Plane skiing?

By Peter Hardy, Daily Mail

Last updated at 15:31 20 October 2003

Thousands of skiers and snowboarders will pay less than ever this winter for their flights to the snow as the traditional scheduled and so- called lowcost airlines slug it out.

As Britain's growing army of DIY holidaymakers take to the internet in earnest, both sides have taken their war to the ski slopes by slashing prices to gateway airports.

In the first pre-Christmas skirmish, easyjet (tel: 0871 7500 100) has thrown down the gauntlet of Gatwick-Geneva for ₤9 (plus tax).

Ryanair (0871 2460 000) responded with free flights, apart from tax, until December 17 from Stansted to Salzburg, Venice, Milan, Turin, St Etienne (near Lyon) and Friedrichshafen.

Swiss International (0845 6010956) has axed free food and drink for economy class passengers and lowered prices to Geneva and Zurich by as much as 40 per cent.

The onslaught has left tour operators reeling as customers begin to realise that charter flights are struggling to compete on price alone.

But the budget airlines can't always compete with charter flights. Anyone flying budget will have to make their own way from the airport - which can be surprisingly expensive and not always convenient.

Buses leave Geneva for the French ski resorts every hour or two, but the last one departs at 7pm.

The return bus fare from Geneva to Bourg-St-Maurice for Les Arcs is 82.50 euros (₤58). The return bus fare to Tignes is 87.50 euros (₤61).

The one-way taxi fare from Geneva to Bourg-St-Maurice with British-run is 270 euros (₤189) for four passengers, plus a surcharge of 27 euros (₤19) for evenings or weekends. The one-way taxi fare from to Tignes is 275 euros (₤192).

It's also difficult to find hotel rooms in the higher resorts in peak season for just a few nights: hoteliers want to lock people in for a week.

As in any war, the battle for the Alps will take its toll of civilian casualties. These will occur among passengers who fail to book at the optimum time, read the small print or appreciate the disadvantages of going it alone.

Once the snow falls and the season truly gets under way, budget skiers will quickly discover that bargain flights are confined to weekdays.

Swiss, BA (0870 850 9850) and Air France (0845 359 1000) can often match, or nearly match, their low-cost rivals at weekends, when prices rocket in accordance with demand.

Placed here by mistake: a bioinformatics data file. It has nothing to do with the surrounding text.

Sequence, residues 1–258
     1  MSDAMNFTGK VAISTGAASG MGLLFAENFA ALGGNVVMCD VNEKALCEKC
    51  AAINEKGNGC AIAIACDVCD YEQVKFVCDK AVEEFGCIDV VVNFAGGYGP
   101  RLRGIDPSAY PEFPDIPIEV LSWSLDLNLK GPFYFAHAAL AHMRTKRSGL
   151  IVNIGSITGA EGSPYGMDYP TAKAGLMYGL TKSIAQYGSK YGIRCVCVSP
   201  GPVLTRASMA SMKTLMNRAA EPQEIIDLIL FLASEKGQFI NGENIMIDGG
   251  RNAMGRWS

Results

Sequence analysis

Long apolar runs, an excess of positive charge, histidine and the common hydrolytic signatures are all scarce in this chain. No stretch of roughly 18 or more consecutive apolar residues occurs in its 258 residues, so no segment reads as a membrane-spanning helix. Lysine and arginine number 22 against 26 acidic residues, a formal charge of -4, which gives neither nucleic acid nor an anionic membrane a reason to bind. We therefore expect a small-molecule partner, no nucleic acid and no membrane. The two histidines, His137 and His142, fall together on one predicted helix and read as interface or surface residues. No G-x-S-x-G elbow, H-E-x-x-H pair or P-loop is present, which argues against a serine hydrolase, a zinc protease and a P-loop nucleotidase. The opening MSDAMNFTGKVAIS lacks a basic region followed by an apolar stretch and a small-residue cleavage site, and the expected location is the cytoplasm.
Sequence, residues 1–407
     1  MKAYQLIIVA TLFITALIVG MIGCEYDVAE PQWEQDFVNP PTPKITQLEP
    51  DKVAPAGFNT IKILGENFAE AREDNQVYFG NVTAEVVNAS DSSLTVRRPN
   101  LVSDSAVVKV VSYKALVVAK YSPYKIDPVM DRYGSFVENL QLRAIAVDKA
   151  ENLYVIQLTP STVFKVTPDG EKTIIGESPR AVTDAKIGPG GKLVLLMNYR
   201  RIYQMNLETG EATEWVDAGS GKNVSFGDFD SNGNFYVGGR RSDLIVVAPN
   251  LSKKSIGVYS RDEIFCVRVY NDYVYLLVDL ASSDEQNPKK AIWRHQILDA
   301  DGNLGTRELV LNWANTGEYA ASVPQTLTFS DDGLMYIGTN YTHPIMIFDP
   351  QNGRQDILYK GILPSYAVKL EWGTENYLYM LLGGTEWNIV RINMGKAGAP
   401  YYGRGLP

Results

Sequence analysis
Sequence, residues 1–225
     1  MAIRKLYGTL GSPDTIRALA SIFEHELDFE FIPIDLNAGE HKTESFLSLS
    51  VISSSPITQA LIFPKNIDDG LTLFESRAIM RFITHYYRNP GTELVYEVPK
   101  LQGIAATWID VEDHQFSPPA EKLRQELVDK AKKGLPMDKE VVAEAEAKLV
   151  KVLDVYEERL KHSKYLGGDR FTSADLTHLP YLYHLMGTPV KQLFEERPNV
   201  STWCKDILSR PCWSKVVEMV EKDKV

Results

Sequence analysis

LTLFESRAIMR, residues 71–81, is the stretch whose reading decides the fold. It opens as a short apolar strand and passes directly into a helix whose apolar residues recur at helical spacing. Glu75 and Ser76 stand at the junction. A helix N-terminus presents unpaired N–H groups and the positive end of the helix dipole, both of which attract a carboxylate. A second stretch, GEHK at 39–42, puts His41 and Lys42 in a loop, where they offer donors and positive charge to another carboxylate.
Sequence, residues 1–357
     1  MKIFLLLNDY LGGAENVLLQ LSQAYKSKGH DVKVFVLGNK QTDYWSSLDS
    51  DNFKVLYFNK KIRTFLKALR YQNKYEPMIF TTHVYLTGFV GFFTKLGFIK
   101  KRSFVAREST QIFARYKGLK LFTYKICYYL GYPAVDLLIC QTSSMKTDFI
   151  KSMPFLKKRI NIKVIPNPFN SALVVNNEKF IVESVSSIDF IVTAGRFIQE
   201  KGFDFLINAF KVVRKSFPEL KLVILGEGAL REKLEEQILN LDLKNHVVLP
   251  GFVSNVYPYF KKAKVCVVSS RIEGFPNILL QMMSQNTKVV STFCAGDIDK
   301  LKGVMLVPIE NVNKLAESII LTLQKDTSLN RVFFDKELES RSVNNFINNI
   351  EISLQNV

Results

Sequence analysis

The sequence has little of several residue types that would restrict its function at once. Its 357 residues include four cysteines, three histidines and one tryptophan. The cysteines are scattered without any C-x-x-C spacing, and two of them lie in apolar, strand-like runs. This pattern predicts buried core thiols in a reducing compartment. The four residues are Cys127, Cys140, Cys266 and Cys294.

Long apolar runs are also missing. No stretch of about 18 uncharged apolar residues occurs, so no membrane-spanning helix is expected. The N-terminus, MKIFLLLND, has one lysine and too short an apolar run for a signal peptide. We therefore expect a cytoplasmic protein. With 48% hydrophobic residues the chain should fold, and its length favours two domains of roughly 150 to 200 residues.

Remember that low-cost airlines base their prices on demand, which means Christmas, halfterm and other high-season dates are the most expensive.

For example, on the Saturday before Christmas, a flight with easyjet from Gatwick to Geneva costs between ₤241 and ₤421 return, while Swiss offers Heathrow to Geneva for ₤307 to ₤424.

On Zurich flights, Swiss is only ₤30 more expensive.

Lizzie Norton, of travel agency Ski Solutions, says: 'There is no doubt the big names are taking on the newcomers at their own game, which must be beneficial for skiers.

'We have never seen prices this low. Some of the scheduled fares are lower than they were ten years ago.

'But don't be fooled by the net prices offered. You need to look at the final figure, which includes taxes, ski carriage and credit card charges.'

For my first ski trip of the season in mid-November, I can fly easyjet from Gatwick to Geneva return for ₤21 - cheaper than the ₤34 return rail fare from my home in Hampshire to Gatwick.

However, airport taxes push the final figure up to ₤41. Luckily, easyjet - unlike its low-cost rivals - does not charge extra for my skis.

Flybe (0871 567 6676) quotes the more convenient Southampton to Geneva for ₤49 return. But taxes bring that to ₤78.

Add ₤4 for paying by credit card (₤1 by debit card) and I have a bill for ₤82. It charges ₤15 per pair of skis - each way - and so the total is ₤112.

Swiss will take me from Heathrow for ₤87 return, including taxes and skis.

The moral of the story is that you need to shop with care. The lowest prices are found on-line, but patience is required.

All the airlines - including Duo (0871 700 0700) and Lauda Air (43 [0] 51789) - clearly tell you their destination airports, and several thoughtfully provide lists of resorts that are easily accessible from them.

But, inexplicably, most fail to spell out which regional departure airports offer flights to these destinations.

The only solution is a timeconsuming trawl through the booking procedures. Most are shy in revealing baggage allowances and charges for carrying skis and snowboards.

Swiss has led the way among the scheduled airlines by abandoning free airline meals and drinks in order to pare costs.

Richard Castle of Swiss says: 'Customers want the lowest possible fare rather than paying for a meal they don't necessarily want. So far the idea has gone down very well.'

But while skiers are the winners in the airlines' battle for the Alps, there will be no escape from the inevitable air traffic delays created by the increasing volume of flights.

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